Also known as Say's law of markets.
Named after Jean-Baptiste Say (1767-1832), Say's law argued that an economy is self-regulating provided that all prices, including wages, are flexible enough to maintain it in equilibrium.
In a more simplistic, and somewhat inaccurate form, Say's law states that supply creates its own demand and over-production is impossible. This theory has major implications for how governments respond to periods of high unemployment or widespread underemployment.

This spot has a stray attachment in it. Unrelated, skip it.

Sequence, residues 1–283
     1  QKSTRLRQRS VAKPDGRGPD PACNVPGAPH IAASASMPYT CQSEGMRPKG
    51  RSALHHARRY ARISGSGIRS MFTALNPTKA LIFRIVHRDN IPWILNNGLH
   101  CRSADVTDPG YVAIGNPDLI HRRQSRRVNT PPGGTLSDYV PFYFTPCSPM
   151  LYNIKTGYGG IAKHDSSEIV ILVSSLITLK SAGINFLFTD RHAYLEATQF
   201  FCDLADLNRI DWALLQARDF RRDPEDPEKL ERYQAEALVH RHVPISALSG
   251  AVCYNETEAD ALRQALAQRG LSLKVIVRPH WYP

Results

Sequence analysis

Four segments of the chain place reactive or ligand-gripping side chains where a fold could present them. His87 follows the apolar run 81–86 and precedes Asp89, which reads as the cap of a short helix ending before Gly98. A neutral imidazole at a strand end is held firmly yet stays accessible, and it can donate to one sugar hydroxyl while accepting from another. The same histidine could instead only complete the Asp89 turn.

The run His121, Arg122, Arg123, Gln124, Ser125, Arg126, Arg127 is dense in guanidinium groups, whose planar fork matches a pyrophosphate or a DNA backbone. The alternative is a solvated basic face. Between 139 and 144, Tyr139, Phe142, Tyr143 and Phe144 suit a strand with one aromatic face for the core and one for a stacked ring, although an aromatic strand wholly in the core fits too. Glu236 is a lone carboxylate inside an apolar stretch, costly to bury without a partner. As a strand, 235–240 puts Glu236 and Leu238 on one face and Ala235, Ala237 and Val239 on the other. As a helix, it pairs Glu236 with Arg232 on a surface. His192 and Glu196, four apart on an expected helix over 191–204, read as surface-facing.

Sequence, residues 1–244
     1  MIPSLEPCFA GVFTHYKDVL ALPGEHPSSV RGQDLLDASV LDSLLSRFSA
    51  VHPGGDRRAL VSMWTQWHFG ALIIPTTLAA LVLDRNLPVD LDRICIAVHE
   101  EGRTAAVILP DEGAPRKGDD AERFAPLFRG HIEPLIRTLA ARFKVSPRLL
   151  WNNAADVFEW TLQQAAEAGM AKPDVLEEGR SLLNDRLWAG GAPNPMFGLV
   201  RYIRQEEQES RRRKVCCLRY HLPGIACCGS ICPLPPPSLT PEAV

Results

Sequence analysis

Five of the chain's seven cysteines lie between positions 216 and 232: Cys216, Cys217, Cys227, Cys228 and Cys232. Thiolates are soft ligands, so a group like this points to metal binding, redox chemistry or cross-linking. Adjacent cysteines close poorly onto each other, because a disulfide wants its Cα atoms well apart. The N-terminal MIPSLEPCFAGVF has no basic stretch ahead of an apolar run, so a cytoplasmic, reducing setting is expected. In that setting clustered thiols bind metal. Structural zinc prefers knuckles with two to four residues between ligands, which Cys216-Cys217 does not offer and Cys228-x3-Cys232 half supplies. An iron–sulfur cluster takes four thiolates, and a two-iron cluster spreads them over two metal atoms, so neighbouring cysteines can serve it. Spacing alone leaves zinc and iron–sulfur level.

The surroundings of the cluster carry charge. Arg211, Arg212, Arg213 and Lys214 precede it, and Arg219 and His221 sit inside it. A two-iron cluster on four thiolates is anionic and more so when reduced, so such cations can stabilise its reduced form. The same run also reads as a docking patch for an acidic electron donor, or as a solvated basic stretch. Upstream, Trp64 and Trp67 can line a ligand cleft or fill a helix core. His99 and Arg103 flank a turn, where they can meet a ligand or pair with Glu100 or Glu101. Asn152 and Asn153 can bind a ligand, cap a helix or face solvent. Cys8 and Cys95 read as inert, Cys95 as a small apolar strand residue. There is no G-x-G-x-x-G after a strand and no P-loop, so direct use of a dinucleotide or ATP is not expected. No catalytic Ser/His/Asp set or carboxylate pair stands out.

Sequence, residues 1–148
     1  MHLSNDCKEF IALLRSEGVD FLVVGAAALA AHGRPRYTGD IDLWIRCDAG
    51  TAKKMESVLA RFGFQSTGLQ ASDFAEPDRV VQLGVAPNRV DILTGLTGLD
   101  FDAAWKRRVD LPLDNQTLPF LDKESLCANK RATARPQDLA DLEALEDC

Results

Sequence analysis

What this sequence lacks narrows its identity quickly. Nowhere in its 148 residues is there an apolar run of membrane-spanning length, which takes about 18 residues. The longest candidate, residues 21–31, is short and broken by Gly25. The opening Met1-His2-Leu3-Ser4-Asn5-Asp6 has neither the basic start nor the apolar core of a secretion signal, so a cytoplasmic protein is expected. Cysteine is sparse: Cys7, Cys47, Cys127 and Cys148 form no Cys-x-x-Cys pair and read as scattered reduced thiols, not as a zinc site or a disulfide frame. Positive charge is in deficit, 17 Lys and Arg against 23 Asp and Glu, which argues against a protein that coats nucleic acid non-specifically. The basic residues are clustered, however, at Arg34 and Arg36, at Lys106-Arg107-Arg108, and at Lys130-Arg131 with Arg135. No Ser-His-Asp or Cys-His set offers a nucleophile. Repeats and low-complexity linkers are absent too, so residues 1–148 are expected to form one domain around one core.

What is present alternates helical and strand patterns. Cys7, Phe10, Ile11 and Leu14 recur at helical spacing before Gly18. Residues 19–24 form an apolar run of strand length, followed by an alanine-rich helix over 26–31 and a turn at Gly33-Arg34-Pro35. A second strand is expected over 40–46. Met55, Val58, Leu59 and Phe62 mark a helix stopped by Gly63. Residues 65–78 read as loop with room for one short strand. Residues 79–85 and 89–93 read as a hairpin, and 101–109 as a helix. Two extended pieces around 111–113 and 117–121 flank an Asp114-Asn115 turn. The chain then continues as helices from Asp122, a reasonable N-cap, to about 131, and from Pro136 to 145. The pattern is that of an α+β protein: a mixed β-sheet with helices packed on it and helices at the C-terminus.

Say's law was accepted as a major plank in classical macroeconomic theory until English economist John Maynard Keynes (1883-1946) challenged its applicability in modern economies.
J B Say, Traite d'economiepolitique, vol I, (Paris, 1803);
T Sowell, Say's Law: An Historical Analysis (Princeton, N.J., 1972)